Employers who offer health insurance
coverage could see a 9 percent cost increase next year, and their
workers may face an even bigger hit, according to a report from
consulting firm PricewaterhouseCoopers.
Costs will rise in part because workers worried about losing
their jobs are using their health care more while they still have
it, the firm said in the report released to The Associated Press.
The report also said rising unemployment is driving up medical
Health care reform legislation currently being hashed out in
Congress likely will have little impact on next year's costs, said
PWC principal Michael Thompson. But he noted that the intense focus
on health care may slow price increases.
"Nobody wants to be front page news when all the lights are
shining on your industry," he said.
The report projects the expected cost increase per person for
employee benefits plans, and it factors in things such as price
increases, as well as utilization changes.
Businesses confronted with increases will likely pass some of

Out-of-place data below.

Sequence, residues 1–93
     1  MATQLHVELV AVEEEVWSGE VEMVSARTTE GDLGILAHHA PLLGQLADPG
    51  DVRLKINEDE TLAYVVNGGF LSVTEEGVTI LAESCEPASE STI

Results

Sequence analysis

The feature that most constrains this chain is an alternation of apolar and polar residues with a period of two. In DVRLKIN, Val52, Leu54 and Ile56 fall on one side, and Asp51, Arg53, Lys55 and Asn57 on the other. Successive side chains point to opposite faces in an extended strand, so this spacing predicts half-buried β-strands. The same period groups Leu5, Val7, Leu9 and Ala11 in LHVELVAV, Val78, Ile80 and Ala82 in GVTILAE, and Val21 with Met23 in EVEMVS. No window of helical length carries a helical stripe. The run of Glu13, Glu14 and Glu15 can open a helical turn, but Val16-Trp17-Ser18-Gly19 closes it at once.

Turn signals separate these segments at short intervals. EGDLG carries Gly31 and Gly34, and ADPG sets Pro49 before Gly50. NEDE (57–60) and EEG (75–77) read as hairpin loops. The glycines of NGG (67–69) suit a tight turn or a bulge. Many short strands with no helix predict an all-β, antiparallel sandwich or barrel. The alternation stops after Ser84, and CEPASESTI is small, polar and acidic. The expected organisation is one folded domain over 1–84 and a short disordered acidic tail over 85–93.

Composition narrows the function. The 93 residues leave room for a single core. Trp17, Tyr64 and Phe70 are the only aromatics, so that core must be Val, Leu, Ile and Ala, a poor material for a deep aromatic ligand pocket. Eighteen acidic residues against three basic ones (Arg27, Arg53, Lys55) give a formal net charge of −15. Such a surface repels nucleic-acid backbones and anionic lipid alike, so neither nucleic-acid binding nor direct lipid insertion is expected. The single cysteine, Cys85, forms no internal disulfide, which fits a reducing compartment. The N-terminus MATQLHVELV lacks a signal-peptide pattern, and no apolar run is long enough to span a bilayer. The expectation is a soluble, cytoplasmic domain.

the burden to employees via higher premiums, deductibles or copays,
"If the underlying costs go up by 9 percent, employees' costs
actually go up by double digits," he said, noting that will have a
"major, major impact" when many employers also are freezing or
A total of 42 percent of employers surveyed said they would
increase employees' share of costs.
The 9 percent increase predicted for 2010, however, represents a
slight decrease from the 9.2 percent PWC projected for this year,
and 9.9 percent predicted for 2008. A growing use of generic drugs
has helped tame spending, according to the most recent survey.
Actual cost increases for this year and last were not available.
PWC surveyed more than 500 employers and health insurers. One of
the factors it found that may increase medical costs next year is
the lingering threat of unemployment. Workers worried about losing
their health coverage along with their jobs tend to seek medical
care they might otherwise put off.
PWC also said health care providers tend to shift costs to
private insurance plans to make up for the revenue drop they see
from a rise in the uninsured population or from an increase in the
percentage of people covered by Medicaid, the state-federal
insurance program for the poor.
Georgetown University health economist Jean Mitchell said she
sees one main reason behind any health care cost increase:
overutilization. Mitchell, who was not involved with the survey,
said health care costs have been rising faster than inflation
because the payment system rewards care providers for doing more.
"Until we fix that, we're never going to be able to rein in
health care costs," she said.